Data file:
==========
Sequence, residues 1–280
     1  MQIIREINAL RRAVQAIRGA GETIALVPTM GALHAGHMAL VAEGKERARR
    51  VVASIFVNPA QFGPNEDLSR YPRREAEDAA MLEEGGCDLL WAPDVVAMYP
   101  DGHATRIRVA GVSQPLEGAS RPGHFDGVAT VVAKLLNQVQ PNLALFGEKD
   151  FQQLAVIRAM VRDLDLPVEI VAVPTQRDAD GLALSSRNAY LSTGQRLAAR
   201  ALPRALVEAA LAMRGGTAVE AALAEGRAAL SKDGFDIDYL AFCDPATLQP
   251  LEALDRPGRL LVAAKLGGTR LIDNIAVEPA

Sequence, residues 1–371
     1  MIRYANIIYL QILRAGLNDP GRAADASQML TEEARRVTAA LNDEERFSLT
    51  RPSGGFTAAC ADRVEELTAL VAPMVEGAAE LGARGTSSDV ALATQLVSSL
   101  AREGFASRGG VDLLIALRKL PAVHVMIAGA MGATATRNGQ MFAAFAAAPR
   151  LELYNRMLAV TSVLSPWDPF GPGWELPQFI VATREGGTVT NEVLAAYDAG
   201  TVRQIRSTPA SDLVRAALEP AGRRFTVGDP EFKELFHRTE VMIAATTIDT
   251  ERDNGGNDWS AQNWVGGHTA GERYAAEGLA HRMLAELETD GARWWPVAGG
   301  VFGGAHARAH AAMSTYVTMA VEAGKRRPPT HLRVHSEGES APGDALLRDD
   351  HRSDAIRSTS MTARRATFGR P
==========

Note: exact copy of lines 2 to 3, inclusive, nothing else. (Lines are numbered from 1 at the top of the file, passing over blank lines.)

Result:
     1  MQIIREINAL RRAVQAIRGA GETIALVPTM GALHAGHMAL VAEGKERARR
    51  VVASIFVNPA QFGPNEDLSR YPRREAEDAA MLEEGGCDLL WAPDVVAMYP